Some of my all-time favourite film exchanges (and in general, really) are from Sam Mendes’ American Beauty (1999), when main character Lester Burnham (Kevin Spacey) joins his wife Carolyn (Anette Bening) for a business dinner. She introduces him to an estate agent (who also happens to be her lover, but that is beside the point), to which Burnham replies that they have actually met before. When the estate agent naturally pretends to remember it, Burnham replies with a calming smile: “It’s OK, I wouldn’t remember me either.”

A fish out of water. The films are not particularly similar, however, this scene features several elements which echo current German comedy Toni Erdmann, written and directed by Maren Ade. We meet the relatively steely career woman Ines Conradi (Sandra Hüller), who works in outsourcing for an international company based in Bucharest, and who suddenly gets a visit from her father from Germany. The semi-retired children’s piano teacher and perpetual joker Winfried (Peter Simonischek) decided on the impulse trip partly due to his dog dying, and partly because he suspects things are not as great as his daughter portrays.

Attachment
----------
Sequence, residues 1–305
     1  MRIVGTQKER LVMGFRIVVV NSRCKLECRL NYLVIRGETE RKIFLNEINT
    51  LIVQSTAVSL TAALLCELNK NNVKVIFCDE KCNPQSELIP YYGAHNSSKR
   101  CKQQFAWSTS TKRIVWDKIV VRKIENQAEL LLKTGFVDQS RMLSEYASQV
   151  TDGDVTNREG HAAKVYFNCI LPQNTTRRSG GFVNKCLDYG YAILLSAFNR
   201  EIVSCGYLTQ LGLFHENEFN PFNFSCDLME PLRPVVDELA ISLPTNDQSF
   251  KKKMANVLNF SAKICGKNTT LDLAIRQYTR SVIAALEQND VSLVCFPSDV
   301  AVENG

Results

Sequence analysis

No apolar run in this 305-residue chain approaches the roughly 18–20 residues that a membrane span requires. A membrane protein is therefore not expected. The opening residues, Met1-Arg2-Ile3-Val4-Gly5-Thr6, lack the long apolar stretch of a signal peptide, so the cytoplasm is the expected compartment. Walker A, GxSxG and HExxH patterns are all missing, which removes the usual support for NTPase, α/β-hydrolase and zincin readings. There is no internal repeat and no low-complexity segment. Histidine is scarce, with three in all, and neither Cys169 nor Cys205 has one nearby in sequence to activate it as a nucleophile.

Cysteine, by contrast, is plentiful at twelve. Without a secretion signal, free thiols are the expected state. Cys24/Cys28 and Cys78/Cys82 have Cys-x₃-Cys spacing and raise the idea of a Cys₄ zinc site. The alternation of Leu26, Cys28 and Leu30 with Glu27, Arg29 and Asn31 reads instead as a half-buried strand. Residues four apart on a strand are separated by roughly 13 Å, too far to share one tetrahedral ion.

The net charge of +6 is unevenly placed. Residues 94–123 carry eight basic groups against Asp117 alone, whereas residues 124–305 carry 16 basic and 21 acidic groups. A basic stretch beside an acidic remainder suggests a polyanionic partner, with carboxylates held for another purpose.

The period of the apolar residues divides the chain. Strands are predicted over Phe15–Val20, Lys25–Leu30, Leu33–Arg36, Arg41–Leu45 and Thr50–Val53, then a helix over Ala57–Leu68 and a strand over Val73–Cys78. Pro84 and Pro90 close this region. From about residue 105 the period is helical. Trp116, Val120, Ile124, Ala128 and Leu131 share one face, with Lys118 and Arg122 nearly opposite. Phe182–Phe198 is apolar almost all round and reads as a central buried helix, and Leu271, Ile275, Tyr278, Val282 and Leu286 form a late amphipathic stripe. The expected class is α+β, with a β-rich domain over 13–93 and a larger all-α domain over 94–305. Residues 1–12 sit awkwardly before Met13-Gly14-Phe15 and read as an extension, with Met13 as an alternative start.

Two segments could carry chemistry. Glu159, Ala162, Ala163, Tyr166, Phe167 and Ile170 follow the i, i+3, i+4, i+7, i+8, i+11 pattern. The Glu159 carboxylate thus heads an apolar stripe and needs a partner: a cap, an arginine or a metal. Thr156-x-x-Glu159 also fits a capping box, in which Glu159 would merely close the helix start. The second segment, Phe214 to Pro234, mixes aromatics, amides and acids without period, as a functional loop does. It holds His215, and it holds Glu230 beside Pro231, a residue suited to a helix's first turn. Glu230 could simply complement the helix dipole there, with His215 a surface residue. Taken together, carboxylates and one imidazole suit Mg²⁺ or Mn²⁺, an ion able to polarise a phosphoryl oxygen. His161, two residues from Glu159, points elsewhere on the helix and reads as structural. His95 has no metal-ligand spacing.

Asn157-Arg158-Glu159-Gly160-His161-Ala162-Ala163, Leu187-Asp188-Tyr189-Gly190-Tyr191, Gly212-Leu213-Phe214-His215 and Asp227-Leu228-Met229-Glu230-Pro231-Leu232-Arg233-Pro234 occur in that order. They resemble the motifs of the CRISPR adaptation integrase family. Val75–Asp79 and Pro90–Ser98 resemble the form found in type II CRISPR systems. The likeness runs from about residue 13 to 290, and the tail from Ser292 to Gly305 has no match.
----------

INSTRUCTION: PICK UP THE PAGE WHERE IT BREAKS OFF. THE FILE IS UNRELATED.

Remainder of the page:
Ines squeezes her father into her tight schedule by taking him along to a work do where the unkempt man is like a fish out of water – thus creating some moments with obvious associations to American Beauty. The similarities are, however, not only found in the situation comedy, but also in some of the themes, as both films depict a form of rebellion against the social roles people are expected to play.

tonierdmann1Alter ego. In Toni Erdmann, this happens first and foremost as daddy Winfried extends his stay in the Romanian capital and takes on the part of ”businessman and coach” Toni Erdmann – complete with a long-haired wig and protruding false teeth. This way he becomes part of the daughter’s professional and social crowd, without her choosing to blow his cover (for several reasons, some more obvious than others).

With this premise, it is perhaps natural to compare this film with the classic comedy Tootsie (1982), in which Dustin Hoffman plays an actor pretending to be female in a bid to gain a part – and this way learns a few things about how women are treated. But, whilst a more expected storyline would have been to make Erdmann some sort of guru admired by everyone, Maren Ade chooses a rather more realistic approach, whereby the characters – akin to us in the auditorium – view him as a strange and charming weirdo.

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